UK election jitters have contributed to a slowdown in the country’s technology sector in the first quarter of the year, a survey by consultants KPMG shows.
At the end of the first quarter, the tech sector UK Business Activity Index was 55.7, down from 59.6 in the last quarter of 2014 and its second-lowest level since mid-2013.
It was also well below the survey’s record high seen in the first quarter of 2014, which was 60.5.
Respondents in the survey said that spending and investment decisions, especially among public sector clients and contractors exposed to the public sector, had been delayed ahead of the UK general election and weighed on growth at the start of the year.
The latest increase in overall new work was the slowest in nearly two years. The new orders index fell to 56.6 in the first quarter of this year from last quarter’s 60.1 – but was still above the series’ long-run average of 53.8.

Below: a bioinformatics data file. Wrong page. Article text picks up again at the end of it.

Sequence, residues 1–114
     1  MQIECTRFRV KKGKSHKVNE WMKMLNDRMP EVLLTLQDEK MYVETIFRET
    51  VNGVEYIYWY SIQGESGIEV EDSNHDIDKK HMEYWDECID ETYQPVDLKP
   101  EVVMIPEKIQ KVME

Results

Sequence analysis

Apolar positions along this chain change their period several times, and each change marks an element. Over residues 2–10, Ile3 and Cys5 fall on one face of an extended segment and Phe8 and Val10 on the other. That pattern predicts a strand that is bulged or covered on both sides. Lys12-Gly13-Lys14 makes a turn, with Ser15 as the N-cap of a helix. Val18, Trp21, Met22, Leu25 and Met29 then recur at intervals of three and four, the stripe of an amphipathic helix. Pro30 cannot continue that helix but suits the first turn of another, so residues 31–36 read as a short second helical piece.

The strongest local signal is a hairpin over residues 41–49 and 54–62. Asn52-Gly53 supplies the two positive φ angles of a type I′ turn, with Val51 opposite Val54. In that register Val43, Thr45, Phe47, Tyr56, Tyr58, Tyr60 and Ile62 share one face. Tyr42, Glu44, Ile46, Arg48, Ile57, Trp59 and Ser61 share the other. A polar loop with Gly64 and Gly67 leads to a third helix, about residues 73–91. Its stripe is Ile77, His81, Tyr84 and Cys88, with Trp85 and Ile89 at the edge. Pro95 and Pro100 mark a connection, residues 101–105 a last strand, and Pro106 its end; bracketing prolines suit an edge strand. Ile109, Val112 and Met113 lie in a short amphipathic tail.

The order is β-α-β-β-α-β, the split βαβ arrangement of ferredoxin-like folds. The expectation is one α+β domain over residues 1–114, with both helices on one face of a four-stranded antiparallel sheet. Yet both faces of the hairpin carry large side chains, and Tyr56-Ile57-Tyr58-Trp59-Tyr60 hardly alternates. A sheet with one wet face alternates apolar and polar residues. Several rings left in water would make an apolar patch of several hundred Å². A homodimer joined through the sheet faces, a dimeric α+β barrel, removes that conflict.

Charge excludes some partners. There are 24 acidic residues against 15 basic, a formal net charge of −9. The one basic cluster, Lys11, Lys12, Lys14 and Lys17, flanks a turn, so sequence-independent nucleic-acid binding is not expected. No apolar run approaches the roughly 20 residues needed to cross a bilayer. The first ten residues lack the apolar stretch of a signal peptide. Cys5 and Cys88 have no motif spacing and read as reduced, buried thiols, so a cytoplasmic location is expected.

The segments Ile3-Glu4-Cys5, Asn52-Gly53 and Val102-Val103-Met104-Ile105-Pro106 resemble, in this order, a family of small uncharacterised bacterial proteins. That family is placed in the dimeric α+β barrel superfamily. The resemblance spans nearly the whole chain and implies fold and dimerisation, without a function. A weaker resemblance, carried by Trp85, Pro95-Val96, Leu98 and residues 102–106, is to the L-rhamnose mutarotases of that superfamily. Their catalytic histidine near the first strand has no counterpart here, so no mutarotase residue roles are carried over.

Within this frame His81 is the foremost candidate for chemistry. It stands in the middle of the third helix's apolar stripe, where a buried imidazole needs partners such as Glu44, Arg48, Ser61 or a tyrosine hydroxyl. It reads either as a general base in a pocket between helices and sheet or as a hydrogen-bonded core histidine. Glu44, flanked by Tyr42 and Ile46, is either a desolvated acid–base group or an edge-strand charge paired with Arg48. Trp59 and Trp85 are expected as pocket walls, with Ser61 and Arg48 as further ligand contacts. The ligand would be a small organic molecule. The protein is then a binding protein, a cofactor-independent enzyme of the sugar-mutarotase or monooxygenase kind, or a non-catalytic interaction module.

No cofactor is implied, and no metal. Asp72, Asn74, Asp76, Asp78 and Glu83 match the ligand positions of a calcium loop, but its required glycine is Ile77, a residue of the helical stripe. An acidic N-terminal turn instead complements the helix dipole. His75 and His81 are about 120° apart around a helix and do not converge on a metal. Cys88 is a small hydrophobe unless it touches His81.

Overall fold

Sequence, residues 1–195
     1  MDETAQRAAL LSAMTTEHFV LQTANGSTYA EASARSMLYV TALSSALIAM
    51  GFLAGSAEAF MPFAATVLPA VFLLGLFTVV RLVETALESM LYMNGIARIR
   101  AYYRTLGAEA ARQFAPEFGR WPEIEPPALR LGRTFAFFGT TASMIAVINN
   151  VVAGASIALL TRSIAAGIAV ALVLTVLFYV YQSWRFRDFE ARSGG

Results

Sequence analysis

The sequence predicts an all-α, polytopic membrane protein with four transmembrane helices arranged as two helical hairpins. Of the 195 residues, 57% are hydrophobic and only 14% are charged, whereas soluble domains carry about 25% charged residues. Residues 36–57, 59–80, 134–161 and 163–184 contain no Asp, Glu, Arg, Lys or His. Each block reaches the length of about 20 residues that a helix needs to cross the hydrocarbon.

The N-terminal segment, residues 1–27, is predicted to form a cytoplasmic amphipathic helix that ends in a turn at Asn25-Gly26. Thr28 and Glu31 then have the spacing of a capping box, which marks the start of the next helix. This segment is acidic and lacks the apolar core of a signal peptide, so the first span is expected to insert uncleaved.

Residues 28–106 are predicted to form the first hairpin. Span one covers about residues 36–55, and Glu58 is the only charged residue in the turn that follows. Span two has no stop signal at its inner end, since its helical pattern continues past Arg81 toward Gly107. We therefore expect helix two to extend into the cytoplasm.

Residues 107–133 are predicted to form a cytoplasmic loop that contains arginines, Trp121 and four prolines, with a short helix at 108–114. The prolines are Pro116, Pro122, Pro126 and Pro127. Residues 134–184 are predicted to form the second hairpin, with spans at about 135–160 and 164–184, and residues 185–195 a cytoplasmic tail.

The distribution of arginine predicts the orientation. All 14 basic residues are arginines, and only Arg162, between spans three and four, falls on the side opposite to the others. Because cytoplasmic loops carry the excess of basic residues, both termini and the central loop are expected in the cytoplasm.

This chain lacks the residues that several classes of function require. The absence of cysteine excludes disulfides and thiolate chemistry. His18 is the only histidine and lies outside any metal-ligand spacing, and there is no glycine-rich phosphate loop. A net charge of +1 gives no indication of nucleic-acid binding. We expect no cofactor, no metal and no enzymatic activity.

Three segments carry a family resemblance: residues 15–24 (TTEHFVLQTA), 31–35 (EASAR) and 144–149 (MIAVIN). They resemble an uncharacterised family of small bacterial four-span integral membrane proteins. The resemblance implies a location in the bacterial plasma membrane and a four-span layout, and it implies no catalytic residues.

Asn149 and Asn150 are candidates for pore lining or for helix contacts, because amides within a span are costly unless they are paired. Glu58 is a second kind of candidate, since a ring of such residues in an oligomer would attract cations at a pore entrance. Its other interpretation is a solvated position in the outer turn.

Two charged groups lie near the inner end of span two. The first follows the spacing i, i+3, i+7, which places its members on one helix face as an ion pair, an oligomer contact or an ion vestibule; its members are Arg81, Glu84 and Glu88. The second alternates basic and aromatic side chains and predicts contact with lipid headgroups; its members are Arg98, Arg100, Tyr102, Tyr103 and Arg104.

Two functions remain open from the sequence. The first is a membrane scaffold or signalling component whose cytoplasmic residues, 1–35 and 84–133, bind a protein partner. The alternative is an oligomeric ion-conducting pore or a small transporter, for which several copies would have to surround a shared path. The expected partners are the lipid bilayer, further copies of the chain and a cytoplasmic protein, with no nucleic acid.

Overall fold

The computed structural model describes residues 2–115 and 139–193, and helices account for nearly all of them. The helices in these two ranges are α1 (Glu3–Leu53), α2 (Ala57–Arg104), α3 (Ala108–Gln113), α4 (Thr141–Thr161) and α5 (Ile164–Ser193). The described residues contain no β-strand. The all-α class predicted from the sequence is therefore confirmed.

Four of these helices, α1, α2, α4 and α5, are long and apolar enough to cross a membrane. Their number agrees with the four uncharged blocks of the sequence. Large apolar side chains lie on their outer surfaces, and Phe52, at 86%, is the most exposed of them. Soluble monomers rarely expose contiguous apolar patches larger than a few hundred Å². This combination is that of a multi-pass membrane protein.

This fall was mitigated to some extent by improved demand from external markets, especially the US market and from Western Europe, where the recovery from the eurozone debt crisis seemed to continue.
Demand was greater from the biotech and retail industries, and there was strong demand for cyber security products and cloud-based solutions.
Hiring in the UK tech sector increased at a record pace. The index measuring tech sector employment was 57.8 at the end of the first sector from 55.3 at the end of last year. It was the highest reading of the index since the survey began in 2003.
The tech sector has a positive outlook for the next 12 months, with 55% of the companies in the survey saying they expect a rise in business activity over the period, compared with 7% expecting a decline.
The outlook for jobs is positive too, with 41% expecting to add to their existing employees and just 9% forecasting job cuts.
The tech sector has seen three times the rate of job creation across the UK economy as a whole since the post-recession low hit by job creation in 2010.
KPMG estimates that the UK tech sector directly accounts for at least one million jobs in the UK currently.
The data for the report was derived from a representative sub-category of around 150 technology companies within Markit’s regular purchasing managers’ index surveys of UK manufacturers and service providers.